MORRISSEY: Attendance is optional for Bears, fans in loss to Lions

Who were the smart ones — the 50,490 people who showed up at Soldier Field on Sunday and saw something approximating football? Or the 10,145 no-shows who rotated the tires on their lawn mowers, defrosted their freezers, picked up their dogs’ deposits, opted to have their appendixes removed for no apparent reason or did anything rather than see the Bears play in person?

The fans who came to the game watched mediocre masquerading as exciting. The fans who stayed away avoided being eyewitnesses to another Bears loss. The only question is whether you can get post-traumatic stress from hearing about it secondhand.

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At least the no-shows can say they sent a message to Bears ownership that another losing season is not acceptable and that a coaching change needs to be made. Think about it: The Bears are starting a rookie quarterback who was the second overall pick in the 2017 draft, and interest in the team is either tepid or withheld as punishment.

Bears quarterback Mitch Trubisky speaks during a news conference after his team's 27-24 loss to the Lions. (AP)

Some of this stems from last week’s brutal loss to the Packers, a setback that sucked the meaning out of the season for many people. But a lot of it has to do with the bigger picture of a team that is taking on serious water. This 27-24 loss stood for an entire season. It’s a season in which a finger plugs one leak only to see another leak start gushing from somewhere else.

The Bears jumped out to a 10-0 lead in the first quarter, thanks to an excellent balance of passing and running. The good cop in you said that it was nice to see the team bounce back from such an awful game against Green Bay. The bad cop said, “Where was this last week?’’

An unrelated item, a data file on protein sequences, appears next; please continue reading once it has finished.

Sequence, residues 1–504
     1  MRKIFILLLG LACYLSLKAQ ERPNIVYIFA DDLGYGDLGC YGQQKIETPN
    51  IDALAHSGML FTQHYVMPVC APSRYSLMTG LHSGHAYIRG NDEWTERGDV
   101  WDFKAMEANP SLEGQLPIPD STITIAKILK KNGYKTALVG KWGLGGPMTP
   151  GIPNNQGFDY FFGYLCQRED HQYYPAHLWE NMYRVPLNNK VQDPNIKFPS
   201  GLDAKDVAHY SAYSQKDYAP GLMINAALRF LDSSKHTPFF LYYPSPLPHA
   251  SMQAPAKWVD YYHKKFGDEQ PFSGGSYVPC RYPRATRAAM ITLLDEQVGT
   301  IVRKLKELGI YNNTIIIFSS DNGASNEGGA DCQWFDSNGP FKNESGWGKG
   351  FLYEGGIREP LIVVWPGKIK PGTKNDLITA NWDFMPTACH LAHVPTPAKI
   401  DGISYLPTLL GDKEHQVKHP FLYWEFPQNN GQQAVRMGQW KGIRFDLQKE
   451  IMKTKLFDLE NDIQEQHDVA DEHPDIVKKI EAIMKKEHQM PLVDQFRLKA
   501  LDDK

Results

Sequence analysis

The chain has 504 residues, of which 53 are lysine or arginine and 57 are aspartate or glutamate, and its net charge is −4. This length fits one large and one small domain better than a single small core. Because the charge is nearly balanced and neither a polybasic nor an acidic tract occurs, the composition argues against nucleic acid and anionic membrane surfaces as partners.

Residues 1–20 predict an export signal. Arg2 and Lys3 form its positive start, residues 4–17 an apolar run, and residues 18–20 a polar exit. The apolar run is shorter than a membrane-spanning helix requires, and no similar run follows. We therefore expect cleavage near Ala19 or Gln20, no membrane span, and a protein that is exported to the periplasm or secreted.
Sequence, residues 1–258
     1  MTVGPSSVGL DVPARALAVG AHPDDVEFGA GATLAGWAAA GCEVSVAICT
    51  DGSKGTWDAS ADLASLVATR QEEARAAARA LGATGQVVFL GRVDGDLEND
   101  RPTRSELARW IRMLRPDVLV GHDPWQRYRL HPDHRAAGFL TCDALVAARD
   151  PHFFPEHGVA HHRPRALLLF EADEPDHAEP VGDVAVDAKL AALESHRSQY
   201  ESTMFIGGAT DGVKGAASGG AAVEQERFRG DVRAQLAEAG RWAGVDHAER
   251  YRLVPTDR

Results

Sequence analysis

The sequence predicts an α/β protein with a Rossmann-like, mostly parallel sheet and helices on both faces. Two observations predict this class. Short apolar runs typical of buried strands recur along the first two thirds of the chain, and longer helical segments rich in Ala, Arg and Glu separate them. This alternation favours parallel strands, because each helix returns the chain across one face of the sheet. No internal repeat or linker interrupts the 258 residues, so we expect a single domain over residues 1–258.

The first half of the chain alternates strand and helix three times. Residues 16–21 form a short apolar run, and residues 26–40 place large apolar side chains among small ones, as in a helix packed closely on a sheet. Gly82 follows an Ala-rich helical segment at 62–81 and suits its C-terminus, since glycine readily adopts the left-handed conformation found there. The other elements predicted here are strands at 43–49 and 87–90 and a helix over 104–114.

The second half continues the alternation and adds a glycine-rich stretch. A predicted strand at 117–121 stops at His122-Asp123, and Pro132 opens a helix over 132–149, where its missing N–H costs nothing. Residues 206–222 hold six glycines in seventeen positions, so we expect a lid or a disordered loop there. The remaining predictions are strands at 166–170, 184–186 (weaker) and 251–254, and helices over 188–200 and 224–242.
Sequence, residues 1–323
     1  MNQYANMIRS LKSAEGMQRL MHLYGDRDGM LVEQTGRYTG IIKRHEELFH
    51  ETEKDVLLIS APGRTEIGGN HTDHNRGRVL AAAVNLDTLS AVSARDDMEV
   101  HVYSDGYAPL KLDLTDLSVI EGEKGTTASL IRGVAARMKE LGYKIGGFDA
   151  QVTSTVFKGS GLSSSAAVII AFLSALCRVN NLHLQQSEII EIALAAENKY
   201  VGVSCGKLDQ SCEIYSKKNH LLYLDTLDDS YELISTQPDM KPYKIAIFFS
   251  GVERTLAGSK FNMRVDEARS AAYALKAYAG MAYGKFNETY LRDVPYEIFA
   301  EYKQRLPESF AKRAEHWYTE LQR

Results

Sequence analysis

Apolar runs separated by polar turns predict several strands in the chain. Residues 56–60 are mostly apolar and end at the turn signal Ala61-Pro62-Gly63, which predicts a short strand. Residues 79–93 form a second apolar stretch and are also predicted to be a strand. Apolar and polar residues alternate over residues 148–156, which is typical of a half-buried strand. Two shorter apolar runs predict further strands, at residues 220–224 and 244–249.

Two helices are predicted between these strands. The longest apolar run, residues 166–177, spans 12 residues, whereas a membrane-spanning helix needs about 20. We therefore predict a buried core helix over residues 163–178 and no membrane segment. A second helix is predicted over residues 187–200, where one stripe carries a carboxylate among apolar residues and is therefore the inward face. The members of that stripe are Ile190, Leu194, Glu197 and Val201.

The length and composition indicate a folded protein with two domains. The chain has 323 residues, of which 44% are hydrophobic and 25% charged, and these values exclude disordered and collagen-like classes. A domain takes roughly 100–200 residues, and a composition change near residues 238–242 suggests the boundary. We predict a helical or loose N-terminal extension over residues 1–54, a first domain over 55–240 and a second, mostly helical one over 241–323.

But things looked rosy. Turning Mitch Trubisky into an NFL quarterback is what this season is all about. And a 50-yard Jordan Howard run in that first quarter? Excellent.

But then Lions cornerback D.J. Hayden picked up Trubisky’s fumbled snap and ran it back 27 yards for a touchdown. A geyser of a leak.

A 12-yard touchdown by Howard helped give the Bears a 17-7 lead. A leak plugged.

Then the Bears’ defense, which has been very good at times this season, decided to do an imitation of petrified wood. Lions quarterback Matthew Stafford threw three passes to wide-open teammates on a second-quarter drive, the last to Marvin Jones Jr. for a 28-yard touchdown. More water, more listing.

Tarik Cohen, the dynamic rookie running back the Bears had forgotten, was found flying through the air on a touchdown run.

Leonard Floyd, one of the Bears’ best pass rushers, was lost with a knee injury that appeared to be serious.

Trubisky used his legs, rushing six times for 53 yards. It included a wild scramble for 19 yards on fourth-and-13 that kept a drive alive in the closing seconds of the game. Good.

And a missed 46-yard field goal by Connor Barth with three seconds left. Very, very bad.

The Bears continued to massage the message, saying they’ve been competitive most of the season. You can’t blame them. Would you rather talk about being 3-7 or about the big ones that got away? But losing close games over and over again is what bad teams do. Remember, the Bears were talking about the same dynamic last season. It’s another reason why coach John Fox’s future here is in serious doubt. There hasn’t been the kind of progress that would argue for his continued employment.

“When you have a game like this that you should win, you just have to win,’’ wide receiver Kendall Wright said.

You’ll have to excuse Wright. This is his first year with the Bears. He clearly hasn’t mastered the art of softening the blow yet.

Trubisky had his moments, but he missed badly on several passes. There hasn’t been enough growth, and that’s on the coaching staff.

“I think adversity is a great teacher,’’ Trubisky said.

Kid, you’re at the Harvard of adversity.

Follow me on Twitter @MorrisseyCST.

Email: rmorrissey@suntimes.com